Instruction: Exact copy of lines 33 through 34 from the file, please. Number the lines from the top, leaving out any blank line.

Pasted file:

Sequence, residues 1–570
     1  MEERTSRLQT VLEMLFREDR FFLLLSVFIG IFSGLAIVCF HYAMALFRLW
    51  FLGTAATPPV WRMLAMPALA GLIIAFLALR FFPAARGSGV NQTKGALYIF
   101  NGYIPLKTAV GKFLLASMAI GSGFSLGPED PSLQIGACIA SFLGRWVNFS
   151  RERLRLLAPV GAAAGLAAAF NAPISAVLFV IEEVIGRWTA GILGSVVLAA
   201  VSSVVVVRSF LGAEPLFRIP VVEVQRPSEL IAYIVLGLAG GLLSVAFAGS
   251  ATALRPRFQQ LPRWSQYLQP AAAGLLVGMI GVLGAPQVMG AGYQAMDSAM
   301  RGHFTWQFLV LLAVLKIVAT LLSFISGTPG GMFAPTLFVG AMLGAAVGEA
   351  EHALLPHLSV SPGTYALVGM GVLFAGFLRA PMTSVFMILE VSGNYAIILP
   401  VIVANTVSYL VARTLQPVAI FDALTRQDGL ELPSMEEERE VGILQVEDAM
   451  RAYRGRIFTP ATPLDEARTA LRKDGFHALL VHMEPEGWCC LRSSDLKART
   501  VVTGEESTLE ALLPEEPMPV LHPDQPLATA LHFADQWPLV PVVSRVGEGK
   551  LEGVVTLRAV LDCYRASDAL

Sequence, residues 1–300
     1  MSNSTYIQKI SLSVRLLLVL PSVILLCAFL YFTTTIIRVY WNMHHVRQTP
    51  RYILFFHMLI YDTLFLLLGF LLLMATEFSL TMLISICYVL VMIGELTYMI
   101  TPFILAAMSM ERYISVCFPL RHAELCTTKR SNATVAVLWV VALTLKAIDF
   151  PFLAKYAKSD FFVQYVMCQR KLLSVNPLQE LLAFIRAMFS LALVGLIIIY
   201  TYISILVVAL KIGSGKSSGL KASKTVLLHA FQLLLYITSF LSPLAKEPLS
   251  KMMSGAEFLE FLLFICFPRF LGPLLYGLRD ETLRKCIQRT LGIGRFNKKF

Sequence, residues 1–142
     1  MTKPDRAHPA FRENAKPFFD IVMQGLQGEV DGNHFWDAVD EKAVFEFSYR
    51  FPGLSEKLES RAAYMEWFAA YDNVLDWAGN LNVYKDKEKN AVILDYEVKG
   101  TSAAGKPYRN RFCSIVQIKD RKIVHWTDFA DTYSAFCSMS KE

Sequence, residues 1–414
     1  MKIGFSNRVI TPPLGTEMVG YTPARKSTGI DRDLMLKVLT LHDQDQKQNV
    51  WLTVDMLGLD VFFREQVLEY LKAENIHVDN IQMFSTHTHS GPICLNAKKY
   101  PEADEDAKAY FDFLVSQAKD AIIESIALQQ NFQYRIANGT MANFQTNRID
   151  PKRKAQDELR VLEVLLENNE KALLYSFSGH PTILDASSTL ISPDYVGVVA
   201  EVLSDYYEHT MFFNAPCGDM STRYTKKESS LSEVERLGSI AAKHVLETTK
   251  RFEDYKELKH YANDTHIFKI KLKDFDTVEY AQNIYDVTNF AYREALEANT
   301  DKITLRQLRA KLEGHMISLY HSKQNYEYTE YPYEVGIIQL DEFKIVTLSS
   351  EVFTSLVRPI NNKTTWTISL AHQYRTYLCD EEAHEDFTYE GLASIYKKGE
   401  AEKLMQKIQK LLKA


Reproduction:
   351  EVFTSLVRPI NNKTTWTISL AHQYRTYLCD EEAHEDFTYE GLASIYKKGE
   401  AEKLMQKIQK LLKA